Officially dedicated in 1965, KARE has achieved international acclaim for leadership in the development of new fruit, nut and grape varieties, innovative cultural and irrigation practices, pest and disease management techniques, and new understandings of postharvest biology. KARE plays a leadership role in maintaining the quality of California's rural environment, with programs in air, soil and water quality and mosquito management.
Booth 1512 - UC ANR Lindcove REC (LREC)
Established in 1959 by San Joaquin Valley citrus growers, Lindcove REC covers more than 100 acres growing more than 400 citrus varieties. At LREC, scientists conduct research to evaluate new varieties of citrus and improved citrus-growing techniques and new ways to manage pests. Extension educational programs carry the practical results of this research to citrus industry clientele and the general public.
Booth 1513 - University of California Division of Agriculture and Natural Resources
Come learn more about the University of California's Division of Agriculture and Natural Resources, our history, and our research and programs across the state. You can also download our Cultivating California brochure.
UC ANR is a statewide network of University of California researchers and educators dedicated to providing individuals, communities, and industries with science-based information and solutions to address the important issues California is currently facing.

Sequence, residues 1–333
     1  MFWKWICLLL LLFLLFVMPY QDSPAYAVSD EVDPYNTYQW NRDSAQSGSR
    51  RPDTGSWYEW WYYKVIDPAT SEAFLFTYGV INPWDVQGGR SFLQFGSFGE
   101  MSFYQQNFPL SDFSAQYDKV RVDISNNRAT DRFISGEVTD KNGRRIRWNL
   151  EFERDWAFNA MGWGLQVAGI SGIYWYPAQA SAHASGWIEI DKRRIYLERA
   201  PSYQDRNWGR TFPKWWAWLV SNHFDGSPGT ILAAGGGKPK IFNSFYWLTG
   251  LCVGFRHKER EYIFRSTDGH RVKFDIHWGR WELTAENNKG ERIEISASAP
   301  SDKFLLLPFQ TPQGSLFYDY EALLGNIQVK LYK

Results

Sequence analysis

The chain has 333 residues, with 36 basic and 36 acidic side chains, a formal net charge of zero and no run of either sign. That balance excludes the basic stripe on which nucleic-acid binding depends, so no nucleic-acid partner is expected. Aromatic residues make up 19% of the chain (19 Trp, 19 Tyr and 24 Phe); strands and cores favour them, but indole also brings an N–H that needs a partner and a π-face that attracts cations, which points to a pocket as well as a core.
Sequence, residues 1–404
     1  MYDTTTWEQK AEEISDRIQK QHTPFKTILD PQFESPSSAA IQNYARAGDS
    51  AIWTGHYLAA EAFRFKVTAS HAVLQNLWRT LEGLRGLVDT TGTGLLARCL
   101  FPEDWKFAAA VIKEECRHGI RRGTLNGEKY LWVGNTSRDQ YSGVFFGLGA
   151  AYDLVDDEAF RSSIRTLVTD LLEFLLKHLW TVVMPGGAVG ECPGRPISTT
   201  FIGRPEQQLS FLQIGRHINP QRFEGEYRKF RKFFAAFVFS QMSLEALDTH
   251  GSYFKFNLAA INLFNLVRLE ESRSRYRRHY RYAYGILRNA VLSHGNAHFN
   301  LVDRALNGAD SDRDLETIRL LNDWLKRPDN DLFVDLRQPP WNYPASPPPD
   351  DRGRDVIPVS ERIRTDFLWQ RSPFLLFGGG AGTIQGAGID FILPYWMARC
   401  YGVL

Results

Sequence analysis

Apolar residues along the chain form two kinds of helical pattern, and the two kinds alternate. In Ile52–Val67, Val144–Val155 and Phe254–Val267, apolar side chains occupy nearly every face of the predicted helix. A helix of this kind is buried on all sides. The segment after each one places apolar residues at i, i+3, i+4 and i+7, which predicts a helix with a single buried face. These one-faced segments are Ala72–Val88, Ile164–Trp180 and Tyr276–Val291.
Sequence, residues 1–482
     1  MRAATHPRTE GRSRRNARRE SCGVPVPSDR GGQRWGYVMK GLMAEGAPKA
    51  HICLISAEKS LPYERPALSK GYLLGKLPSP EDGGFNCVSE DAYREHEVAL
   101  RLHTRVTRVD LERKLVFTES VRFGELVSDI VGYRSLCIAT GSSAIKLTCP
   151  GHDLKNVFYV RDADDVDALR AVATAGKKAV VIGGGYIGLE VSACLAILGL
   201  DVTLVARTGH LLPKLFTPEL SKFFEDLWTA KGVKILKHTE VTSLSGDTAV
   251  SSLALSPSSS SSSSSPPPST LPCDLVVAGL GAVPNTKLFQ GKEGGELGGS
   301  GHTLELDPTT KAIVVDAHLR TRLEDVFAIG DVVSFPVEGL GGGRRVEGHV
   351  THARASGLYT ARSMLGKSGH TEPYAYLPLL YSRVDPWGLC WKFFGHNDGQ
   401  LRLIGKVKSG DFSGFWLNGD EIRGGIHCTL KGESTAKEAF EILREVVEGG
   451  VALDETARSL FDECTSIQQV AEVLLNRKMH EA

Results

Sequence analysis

- 4 Agricultural Experiment Station – UC campus-based research
- Research and Extension Centers (REC)
- 50+ UC Cooperative Extension (UCCE) County Offices
- 6 statewide programs focused on high-priority concerns
- Agricultural Issues Center (AIC)
- California Naturalist Program
- IGIS - Informatics and Geographic Information Systems
- Integrated Pest Management
- Master Gardener Program
- Sustainable Agricultural Research and Education Program (SAREP)
- Youth, Families and Communities Program
UC ANR is an engine for problem solving, working with industry to develop and improve agricultural markets, help keep a good balance in international trade, address environmental concerns, protect plant health, and provide farmers with scientifically tested production techniques and the tools necessary to maintain a safe food supply for consumers.